Now when we met Zero Sum Game Cas Russell was an amoral math savant making her living doing …retrieval… work for anybody who could pay. Thanks to the events of that novel she went from being bad at ordinary relationships and not worrying about it to being still bad at them but working on them. In Half Life she goes further; it can be best summed up as “Cas learns the value of friendship through the medium of extreme violence”. It all starts when she gets a somewhat particular retrieval mission, to rescue the daughter of Noah Warren, an ex-engineer laid off from Arkacite Technologies, who claims that they hold her for experiments. Cas is weirdly possessive about kids and even though she immediately notices during the rescue mission that Liliana isn’t a real girl, but an extremely advanced robot, that doesn’t stop Cas from wanting to protect her.

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Resident Evil

Milla Jovovich/Alice waking up vulnerable

For some reason the Resident Evil movies have been repeated constantly on Dutch commercial television channels, the ultimate late night brainless action horror, ideal to watch when only paying attention intermittedly, when things get exciting again. I’ve been watching off and on when I catch them on telly, but Sunday was the first time I actually watched the first one all the way through. Starring Milla Jovovich, the perfect actress for these movies, especially here, where her blonde, model looks work well to give her a certain vulnerability and innocence,. A more stupid movie would’ve been more exploitatives, lingering more on her nudity, but here it’s mainly functional and quickly remedied.

closeup of Alice/Milla Jovovich

It’s more than eight minutes before Milla Jovovich/Alice, the heroine of the movie actually appears, waking up in a shower not knowning where she is, who she is or what she’s doing there. A lot of the first quarter or so of the movie, after her introduction is like here, focused on close ups of her face, her reactions to what’s happening around her. For an action movie, this in any case a movie that spends a lot of time lingering on people’s faces, the focus closed in on them.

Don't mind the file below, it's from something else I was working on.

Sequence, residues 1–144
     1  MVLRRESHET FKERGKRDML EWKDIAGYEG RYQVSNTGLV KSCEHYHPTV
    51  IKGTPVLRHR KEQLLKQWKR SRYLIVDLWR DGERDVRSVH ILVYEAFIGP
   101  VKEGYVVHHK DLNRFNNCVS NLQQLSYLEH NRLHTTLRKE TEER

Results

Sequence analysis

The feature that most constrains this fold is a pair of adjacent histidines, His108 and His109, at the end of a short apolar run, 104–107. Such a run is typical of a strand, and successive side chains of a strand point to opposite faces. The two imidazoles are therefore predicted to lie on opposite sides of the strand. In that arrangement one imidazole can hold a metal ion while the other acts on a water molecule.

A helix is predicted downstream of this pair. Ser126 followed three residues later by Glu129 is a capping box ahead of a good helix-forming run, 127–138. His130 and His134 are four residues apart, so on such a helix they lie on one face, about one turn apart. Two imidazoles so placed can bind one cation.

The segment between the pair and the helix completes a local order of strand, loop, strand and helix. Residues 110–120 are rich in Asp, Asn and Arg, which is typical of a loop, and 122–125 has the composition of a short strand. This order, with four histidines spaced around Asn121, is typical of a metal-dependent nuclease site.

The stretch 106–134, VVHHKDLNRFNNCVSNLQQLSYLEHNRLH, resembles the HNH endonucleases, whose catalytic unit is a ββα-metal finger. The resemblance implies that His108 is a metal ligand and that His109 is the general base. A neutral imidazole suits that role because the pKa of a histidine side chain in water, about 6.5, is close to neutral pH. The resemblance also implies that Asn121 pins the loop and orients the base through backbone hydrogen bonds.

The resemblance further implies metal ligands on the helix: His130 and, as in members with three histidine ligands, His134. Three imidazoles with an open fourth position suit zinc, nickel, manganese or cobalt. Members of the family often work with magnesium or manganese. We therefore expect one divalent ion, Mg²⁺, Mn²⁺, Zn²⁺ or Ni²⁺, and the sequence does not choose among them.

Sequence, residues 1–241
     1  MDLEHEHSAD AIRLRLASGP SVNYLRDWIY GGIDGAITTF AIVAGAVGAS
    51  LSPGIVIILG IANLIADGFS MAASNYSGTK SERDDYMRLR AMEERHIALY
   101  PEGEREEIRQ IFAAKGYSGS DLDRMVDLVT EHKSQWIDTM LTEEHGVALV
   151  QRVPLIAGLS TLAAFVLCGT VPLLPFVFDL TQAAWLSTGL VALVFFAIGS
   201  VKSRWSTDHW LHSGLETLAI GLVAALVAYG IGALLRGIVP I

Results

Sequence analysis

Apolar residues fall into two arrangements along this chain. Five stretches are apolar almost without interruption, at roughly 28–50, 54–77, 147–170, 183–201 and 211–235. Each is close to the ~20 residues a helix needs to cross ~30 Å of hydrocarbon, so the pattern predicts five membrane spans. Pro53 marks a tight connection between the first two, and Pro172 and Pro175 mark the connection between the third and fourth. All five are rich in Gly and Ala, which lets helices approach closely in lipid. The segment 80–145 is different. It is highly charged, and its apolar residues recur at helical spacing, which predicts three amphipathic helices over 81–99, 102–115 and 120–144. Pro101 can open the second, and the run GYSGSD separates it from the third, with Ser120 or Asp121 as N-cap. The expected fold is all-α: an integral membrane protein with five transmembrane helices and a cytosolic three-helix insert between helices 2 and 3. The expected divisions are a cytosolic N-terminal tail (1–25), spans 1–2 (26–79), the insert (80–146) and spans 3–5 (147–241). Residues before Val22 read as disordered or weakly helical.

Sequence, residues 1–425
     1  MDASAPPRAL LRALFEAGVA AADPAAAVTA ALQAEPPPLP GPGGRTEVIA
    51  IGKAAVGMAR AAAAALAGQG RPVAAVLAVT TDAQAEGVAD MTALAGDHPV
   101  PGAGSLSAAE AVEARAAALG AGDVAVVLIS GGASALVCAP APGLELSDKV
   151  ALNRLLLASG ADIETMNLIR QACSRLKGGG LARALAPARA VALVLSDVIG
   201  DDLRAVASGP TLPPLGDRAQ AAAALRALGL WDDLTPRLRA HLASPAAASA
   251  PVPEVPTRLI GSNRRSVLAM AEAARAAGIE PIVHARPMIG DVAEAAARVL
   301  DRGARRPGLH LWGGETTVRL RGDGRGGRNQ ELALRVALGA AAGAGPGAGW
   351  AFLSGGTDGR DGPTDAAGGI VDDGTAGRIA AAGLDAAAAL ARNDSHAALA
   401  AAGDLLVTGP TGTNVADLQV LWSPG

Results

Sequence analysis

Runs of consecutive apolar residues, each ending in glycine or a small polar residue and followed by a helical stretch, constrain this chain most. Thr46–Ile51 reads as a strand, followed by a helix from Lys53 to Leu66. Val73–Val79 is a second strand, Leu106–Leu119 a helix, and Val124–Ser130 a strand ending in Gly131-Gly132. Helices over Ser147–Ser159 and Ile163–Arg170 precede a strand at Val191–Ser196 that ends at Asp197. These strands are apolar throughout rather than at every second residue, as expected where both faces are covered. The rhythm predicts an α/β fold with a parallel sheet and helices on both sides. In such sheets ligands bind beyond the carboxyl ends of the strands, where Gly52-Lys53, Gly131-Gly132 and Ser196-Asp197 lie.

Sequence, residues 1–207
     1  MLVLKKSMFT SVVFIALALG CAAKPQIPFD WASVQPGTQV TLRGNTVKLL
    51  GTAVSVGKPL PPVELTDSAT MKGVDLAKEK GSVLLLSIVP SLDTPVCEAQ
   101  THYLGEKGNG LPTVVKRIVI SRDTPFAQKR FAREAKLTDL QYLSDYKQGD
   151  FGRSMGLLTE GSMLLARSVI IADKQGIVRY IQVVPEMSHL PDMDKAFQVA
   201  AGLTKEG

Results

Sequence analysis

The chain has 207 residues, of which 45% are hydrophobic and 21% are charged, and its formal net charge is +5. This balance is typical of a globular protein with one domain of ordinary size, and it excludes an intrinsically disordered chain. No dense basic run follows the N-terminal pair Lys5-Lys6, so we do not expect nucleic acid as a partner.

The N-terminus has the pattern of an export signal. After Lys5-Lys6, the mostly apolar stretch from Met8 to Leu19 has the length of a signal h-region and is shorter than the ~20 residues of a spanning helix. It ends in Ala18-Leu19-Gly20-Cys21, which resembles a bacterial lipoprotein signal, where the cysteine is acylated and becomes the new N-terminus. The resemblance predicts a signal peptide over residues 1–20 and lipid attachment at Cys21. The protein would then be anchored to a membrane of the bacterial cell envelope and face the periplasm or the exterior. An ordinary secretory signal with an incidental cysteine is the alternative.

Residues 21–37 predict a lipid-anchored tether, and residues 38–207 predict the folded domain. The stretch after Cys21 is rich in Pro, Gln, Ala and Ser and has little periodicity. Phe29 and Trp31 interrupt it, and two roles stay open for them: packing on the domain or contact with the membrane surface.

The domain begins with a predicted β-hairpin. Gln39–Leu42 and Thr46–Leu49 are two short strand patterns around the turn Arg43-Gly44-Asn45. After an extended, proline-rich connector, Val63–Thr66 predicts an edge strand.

Going into the hive

Which makes wider shots like this stand out even more. This is about twenty minutes into the movie, after Alice has been surprised by a tactical team attacking the house she woke up in. They seem to know her but she doesn’t know them. They’ve just opened the entrance to the underground city they need to investigate. Notice how Alice is the focus of the shot, even standing in the background, the angles providing a sense of menace with her in the middle of it. She also has the only colour here, everybody else dressed in black, with the exception of the civilian cop to the left of her, like her at this point an innocent dragged along into the maelstrom.

Alice going into action

Fifty minutes into Resident Evil and Alice finally moves from observer to participant, in a great sequence of escalating threats that takes only a few minutes to work themselves out. First she has to escape a zombie dog, then an attack by a zombie security guard sees her put her karate skills in action, followed by her emptying the gun she took of the guard into the rest of the zombie dog pack. What’s interesting here is how calm she remains throughout, indeed throughout the movie, as compared to the rest of the cast. Note how at this point she’s covered up, wearing a leather jacket over the skimy red dress she wore earlier.

in charge

Near the end of the movie and the jacket is gone again, but whereas first the flimsy dress made her look vulnerable, here she takes charge, leading rather than following. Alice is now in total control, knowing who she is and what she’s doing, having lost her vulnerability by going through the worst the Hive could throw at her and coming out the other end, unscathed.

That attitude remains in the epilogue, as the movie has turned full circle and has her again wake up to chaos, now in some sort of lab, which turns out to be located in the middle of Raccoon City. From the chaos she finds as she stumbles out, it’s clear that what happened in the Hive was child’s play compared to this, but even barefoot and dressed in a medical shift, she’s fully in control and ready to kick ass.